8. Image cleared tissues under a confocal microscope to visualize the Tomato-lectin (Excitation 494 nm; Emission 521 nm) which reflects the functional vasculature (Figure 1).

Representative data

Figure 1. Functional vasculature within a human small intestine derived from human pluripotent stem cells and transplanted in vivo under the kidney capsule of an immunocompromised mouse. a. Whole mount of bioengineered intestine within the kidney following fluorescein-labeled Lycopersicon esculentum lectin perfusion (Black arrowheads: blood vessels). b. Confocal imaging on whole mount reveals functional fluorescent vasculature within the engraftment (scale bars 50 μm).


  1. Freshly collected tissues can be directly imaged under a fluorescent stereoscope equipped with a mercury lamp and a FITC filter.
  2. Fixed tissue can be kept several days in clearing agent until imaging at room-temperature.
  3. This protocol allows for imaging of the functional vasculature within transplanted tissues and/or intestinal tissues.
  4. This protocol was adapted from work previously performed with “human liver buds” transplanted into a murine host and using 1% tetramethylrhodamine-, FITC- and Texas-Red-conjugated dextran via tail vein injection (Takebe et al., 2014).Intravital imaging is possible using a variety of fluorescent-labeled products which can be combined with immunofluorescence staining.


This project was supported in part by US National Institutes of Health (NIH) grants NIH-R01DK083325 (M.A.H), NIH P30 DK078392 (Digestive Health Center, Cincinnati Children’s Hospital Medical Center), and NIH UL1RR026314 (Clinical and Translational Science Awards (CTSA), University of Cincinnati).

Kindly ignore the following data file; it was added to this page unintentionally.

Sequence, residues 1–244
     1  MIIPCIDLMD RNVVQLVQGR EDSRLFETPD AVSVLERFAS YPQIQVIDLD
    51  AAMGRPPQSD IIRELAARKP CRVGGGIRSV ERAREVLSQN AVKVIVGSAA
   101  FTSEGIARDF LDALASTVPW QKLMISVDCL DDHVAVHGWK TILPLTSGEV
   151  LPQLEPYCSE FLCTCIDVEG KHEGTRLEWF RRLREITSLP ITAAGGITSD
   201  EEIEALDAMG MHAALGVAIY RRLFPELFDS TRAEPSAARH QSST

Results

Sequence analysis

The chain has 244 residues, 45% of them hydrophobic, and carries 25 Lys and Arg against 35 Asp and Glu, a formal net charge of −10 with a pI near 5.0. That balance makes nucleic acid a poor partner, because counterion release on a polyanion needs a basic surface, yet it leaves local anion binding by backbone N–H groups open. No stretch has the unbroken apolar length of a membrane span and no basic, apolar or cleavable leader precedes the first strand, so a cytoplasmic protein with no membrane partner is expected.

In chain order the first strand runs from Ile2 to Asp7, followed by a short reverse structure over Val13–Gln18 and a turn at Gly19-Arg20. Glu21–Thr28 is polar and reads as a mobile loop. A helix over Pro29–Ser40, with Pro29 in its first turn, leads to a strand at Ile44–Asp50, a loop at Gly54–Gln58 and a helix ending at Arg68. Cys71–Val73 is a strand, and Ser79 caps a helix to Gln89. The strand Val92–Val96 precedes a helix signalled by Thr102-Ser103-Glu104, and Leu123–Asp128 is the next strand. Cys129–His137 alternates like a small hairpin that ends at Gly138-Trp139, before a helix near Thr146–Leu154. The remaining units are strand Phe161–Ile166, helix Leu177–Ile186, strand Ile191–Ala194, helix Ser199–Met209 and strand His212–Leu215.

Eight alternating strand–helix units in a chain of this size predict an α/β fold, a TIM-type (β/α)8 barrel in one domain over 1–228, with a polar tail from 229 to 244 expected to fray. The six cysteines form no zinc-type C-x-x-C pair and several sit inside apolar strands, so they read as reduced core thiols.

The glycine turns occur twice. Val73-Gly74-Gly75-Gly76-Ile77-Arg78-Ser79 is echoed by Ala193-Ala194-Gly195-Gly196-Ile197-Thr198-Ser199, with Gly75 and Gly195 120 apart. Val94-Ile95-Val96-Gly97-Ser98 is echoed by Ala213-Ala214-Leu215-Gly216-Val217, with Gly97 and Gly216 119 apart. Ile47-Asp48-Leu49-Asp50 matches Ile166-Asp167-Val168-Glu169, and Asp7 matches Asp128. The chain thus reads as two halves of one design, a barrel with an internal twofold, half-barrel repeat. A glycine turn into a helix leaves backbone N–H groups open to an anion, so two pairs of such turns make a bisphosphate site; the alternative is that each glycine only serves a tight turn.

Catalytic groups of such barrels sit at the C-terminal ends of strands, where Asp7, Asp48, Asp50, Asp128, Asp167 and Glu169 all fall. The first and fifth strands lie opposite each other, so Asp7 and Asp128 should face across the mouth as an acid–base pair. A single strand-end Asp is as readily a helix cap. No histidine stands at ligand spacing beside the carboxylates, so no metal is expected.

1. Ke, M. T., Fujimoto, S. and Imai, T. (2013). SeeDB: a simple and morphology-preserving optical clearing agent for neuronal circuit reconstruction. Nat Neurosci 16(8): 1154-1161.
  2. Ke, M., Fujimoto, S. and Imai, T. (2014). Optical clearing using seeDB. Bio-protocol 4(3): e1042. 
  3. Machholz, E., Mulder, G., Ruiz, C., Corning, B. F. and Pritchett-Corning, K. R. (2012). Manual restraint and common compound administration routes in mice and rats. J Vis Exp(67).
  4. Takebe, T., Zhang, R. R., Koike, H., Kimura, M., Yoshizawa, E., Enomura, M., Koike, N., Sekine, K. and Taniguchi, H. (2014). Generation of a vascularized and functional human liver from an iPSC-derived organ bud transplant. Nat Protoc 9(2): 396-409.
  5. Watson, C. L., Mahe, M. M., Munera, J., Howell, J. C., Sundaram, N., Poling, H. M., Schweitzer, J. I., Vallance, J. E., Mayhew, C. N., Sun, Y., Grabowski, G., Finkbeiner, S. R., Spence, J. R., Shroyer, N. F., Wells, J. M. and Helmrath, M. A. (2014). An in vivo model of human small intestine using pluripotent stem cells. Nat Med 20(11): 1310-1314.
Copyright: © 2015 The Authors; exclusive licensee Bio-protocol LLC.
How to cite: Watson, C. L., Mahe, M. M. and Helmrath, M. A. (2015). Intravenous Tomato Lectin Injection to Assess Functional Vasculature. Bio-protocol 5(20): e1619. DOI: 10.21769/BioProtoc.1619.